Elderberry

September 5, 2013 lawanda Magazine Columns

Elderberry is a mostly forgotten shrub, often considered a weed along roads and trail sides, ditches and hedgerows.  The abundance of other sweeter, larger berries in grocery stores and farmer’s markets has made them borderline obsolete.    But that’s just why they are special.  You won’t find fresh, frozen or canned elderberries for sale commercially.  If you want them, you have to forage for them yourself.

Once you can identify the elderberry shrub, you’ll be surprised at how common they are and you’ll see them everywhere in early summer when they bloom with big, white flower clusters, and again in late summer when the deep purple berries hang in heavy clusters.

Elderberry is a multi-stemmed 3–15 foot tall shrub with outwardly arching branches spreading about the same width as its height.  Bark is silver in color and smooth with raised lenticels.  Older stems become rough and shallowly furrowed.

After a few years of growth, older plants send out rhizomes, or underground roots, and form clonal clumps.  In the formal landscape of a city yard, this can become a problem.

Elderberry’s leaves look like oversized, toothed, willow leaves, dark green above and lighter underneath.  The individual white flowers are tiny, only 1/8” across, but are borne in large, umbrella-shaped clusters and have a light fragrance.

Fresh or dried elderflowers make a pleasant tasting, healthy tea.  Flower clusters can also be added to pancakes or muffins, or the entire cluster can be dipped in batter and fried.

Berries are only about ¼” in diameter, but are abundant.  The trick is to pick them as soon as you notice that they are deep purple and heavy enough to hang down, because by the next day, birds may have stripped the bush clean.

To harvest berries, cut the stems just above the berry clusters and let them fall into a bucket.  Berries can easily be removed from stems by “raking” the cluster with a kitchen fork.   An alternate method is to freeze the berries on the cluster and then shake them or run your hands over them to remove the berries from the stems.

Fresh elderberries are not very appetizing, so they are usually made into jelly or jam, baked into pies, or made into syrup, wine, brandy or schnapps.

CAUTION:  The only edible parts of the elderberry shrub are the white flower clusters and the ripe berries.  All other parts, including unripe berries, are poisonous.

ELDERBERRIES ARE GOOD FOR YOU!

They are high in Vitamins A and C, and are a good source of phosphorus and potassium.   Elderberry juice is anti-viral, anti-bacterial and antitussive (cough suppressive).  Sambucol, the popular over-the-counter cold and flu medicine, derives its name from the Latin name for elderberry Sambucus canadensis.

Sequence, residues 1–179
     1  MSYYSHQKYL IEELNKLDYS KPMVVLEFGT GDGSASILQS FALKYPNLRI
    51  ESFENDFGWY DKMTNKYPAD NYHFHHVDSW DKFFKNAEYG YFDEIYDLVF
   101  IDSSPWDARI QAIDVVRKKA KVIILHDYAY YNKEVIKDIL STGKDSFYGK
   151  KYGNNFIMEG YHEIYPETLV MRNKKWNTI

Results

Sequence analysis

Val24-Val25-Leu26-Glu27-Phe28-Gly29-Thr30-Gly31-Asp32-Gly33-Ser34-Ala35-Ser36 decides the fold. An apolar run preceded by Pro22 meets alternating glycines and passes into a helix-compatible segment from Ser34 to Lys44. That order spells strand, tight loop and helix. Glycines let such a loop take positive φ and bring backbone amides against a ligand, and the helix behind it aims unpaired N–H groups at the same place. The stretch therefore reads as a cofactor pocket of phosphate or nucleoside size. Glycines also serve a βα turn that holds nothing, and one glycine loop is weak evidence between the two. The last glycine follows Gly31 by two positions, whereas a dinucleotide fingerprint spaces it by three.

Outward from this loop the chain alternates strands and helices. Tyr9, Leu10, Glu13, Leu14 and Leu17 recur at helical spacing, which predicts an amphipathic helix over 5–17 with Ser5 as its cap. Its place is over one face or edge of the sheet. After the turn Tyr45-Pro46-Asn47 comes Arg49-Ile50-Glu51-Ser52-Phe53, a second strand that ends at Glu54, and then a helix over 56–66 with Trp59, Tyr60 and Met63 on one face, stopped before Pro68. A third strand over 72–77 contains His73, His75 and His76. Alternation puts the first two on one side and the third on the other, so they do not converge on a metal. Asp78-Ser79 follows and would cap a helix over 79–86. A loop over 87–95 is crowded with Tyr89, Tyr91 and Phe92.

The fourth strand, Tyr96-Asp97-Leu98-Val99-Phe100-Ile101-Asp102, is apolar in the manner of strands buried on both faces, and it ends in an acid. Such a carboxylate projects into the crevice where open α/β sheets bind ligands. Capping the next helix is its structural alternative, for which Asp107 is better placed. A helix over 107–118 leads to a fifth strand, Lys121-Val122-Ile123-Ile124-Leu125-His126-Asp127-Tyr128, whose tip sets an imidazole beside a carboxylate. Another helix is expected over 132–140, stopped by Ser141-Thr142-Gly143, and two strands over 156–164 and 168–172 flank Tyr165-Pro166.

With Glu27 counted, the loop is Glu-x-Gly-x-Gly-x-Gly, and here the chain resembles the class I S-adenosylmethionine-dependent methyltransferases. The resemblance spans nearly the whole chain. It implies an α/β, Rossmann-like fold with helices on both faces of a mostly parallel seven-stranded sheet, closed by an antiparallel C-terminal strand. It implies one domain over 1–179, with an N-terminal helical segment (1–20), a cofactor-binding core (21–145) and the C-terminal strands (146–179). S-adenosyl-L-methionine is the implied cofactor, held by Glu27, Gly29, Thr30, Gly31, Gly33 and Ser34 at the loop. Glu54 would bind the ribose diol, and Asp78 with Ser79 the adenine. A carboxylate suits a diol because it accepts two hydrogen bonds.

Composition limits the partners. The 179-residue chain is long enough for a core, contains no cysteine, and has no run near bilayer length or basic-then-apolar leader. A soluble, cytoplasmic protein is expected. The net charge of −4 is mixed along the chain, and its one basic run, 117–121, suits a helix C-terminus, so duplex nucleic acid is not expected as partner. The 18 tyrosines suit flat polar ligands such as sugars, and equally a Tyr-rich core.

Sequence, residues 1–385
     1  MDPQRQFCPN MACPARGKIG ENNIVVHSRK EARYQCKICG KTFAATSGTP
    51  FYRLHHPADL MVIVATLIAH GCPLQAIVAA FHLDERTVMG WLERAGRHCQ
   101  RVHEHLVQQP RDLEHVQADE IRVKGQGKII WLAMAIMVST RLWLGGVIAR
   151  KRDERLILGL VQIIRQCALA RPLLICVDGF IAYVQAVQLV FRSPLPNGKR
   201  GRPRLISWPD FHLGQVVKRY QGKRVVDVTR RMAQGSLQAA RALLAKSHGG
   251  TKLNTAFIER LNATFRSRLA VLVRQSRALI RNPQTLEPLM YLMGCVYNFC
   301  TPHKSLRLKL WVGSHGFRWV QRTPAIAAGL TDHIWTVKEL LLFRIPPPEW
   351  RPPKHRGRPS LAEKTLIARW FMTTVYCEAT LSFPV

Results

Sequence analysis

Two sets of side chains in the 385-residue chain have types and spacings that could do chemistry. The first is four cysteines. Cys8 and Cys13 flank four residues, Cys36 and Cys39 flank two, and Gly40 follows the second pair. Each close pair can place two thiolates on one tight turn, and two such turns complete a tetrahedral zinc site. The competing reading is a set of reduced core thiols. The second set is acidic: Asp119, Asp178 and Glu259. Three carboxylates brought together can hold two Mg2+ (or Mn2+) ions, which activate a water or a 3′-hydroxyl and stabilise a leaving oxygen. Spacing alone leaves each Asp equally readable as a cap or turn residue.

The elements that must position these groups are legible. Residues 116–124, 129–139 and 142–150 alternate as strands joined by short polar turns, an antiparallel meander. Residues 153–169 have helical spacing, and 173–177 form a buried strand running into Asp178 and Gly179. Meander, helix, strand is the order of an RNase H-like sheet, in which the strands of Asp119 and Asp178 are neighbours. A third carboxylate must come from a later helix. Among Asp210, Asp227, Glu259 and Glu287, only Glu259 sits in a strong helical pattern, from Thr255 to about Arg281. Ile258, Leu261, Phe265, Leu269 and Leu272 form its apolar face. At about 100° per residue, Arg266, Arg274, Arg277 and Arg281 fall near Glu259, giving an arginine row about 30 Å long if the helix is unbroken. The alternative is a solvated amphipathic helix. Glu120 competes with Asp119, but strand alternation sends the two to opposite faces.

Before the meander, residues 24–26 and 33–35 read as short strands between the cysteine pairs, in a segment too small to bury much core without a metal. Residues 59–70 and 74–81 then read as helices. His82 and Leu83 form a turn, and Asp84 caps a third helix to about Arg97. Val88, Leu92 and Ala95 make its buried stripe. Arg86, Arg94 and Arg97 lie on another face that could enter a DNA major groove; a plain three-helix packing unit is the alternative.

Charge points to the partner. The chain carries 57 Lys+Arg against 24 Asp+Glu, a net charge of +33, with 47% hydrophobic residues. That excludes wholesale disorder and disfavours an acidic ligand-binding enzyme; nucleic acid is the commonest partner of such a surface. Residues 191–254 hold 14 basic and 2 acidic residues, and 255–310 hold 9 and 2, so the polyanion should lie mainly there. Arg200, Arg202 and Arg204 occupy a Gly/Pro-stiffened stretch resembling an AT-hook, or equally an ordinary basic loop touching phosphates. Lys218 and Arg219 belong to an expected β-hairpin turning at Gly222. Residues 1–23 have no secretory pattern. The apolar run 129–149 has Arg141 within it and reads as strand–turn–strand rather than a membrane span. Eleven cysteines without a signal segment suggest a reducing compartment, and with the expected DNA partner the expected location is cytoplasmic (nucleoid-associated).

FOLKLORE

  • Elder wood is said to have been used for Christ’s cross.
  • Some believed that if elder is seen a dream, illness is sure to follow.
  • Elder branches would ward off witches if gathered on the last day of April and laid in a home’s windows and doors, yet the growing plant was said to be attractive to witches, who gathered under it after dark.
  • In Denmark, it was believed that a spirit who lived in elderberry plants would haunt whoever cut it down.
  • In current fiction, the most powerful wand in Harry Potter’s Wizarding World is made of elder wood and is known as the “Elder Wand.”

 ELDERBERRY JELLY

3 pounds elderberries, stemmed and rinsed

Juice of 1 lemon (or about 2 T. bottled lemon juice)

1 box fruit pectin

4 1/2 c. sugar

Heat the elderberries over medium heat until the juice begins to boil and then lower the heat and simmer for 15 minutes.  Strain the liquid through a double layer of cheesecloth for several hours or overnight.   Mix the elderberry juice with the lemon juice and add water to make three cups of fluid.  Add the pectin; bring the mixture to a boil and stir in the sugar.  Bring the jelly to a full boil again for one minute, then pour it into sterilized glasses and cover the jars with paraffin.  Makes three ½ pint jars.

ELDERBERRY PIE

Pastry for 2-crust pie

3 1/2 c. washed stemmed elderberries

1 T. vinegar or lemon juice

1 c. sugar

1/4 t. salt

1/3 c. flour

1 T. butter

Preheat oven to 400⁰.  Spread elderberries in pastry-lined 9-inch pie pan.  Sprinkle with lemon juice.  Combine sugar, salt and flour.  Sprinkle over berries.  Dot with butter.  Add top crust.  Use a fork to poke several holes in the top crust.  Bake 35 to 45 minutes.

ELDERBERRY TINCTURE – Make your own medicine!

1 lb. rinsed, stemmed elderberries

80-proof vodka

Put elderberries in a large cooking pot; add ¼- ½ cup water.  Bring to a boil.  Turn off heat and let cool in cooking pot.  Mash berries slightly.  Ladle into clean quart canning jars, about ¾ full.  Top off the jars with vodka.  (The alcohol extracts the medicinal properties of the berries.)  Cap and label the jars with the date.  Place in a dark cabinet for a month, shaking the jar every day or two.  Strain the liquid and store it in dark bottles.  Take 1 teaspoonful in a little water three or four times a day at the first sign of cold or flu.  The tincture should maintain its potency for two years.

 

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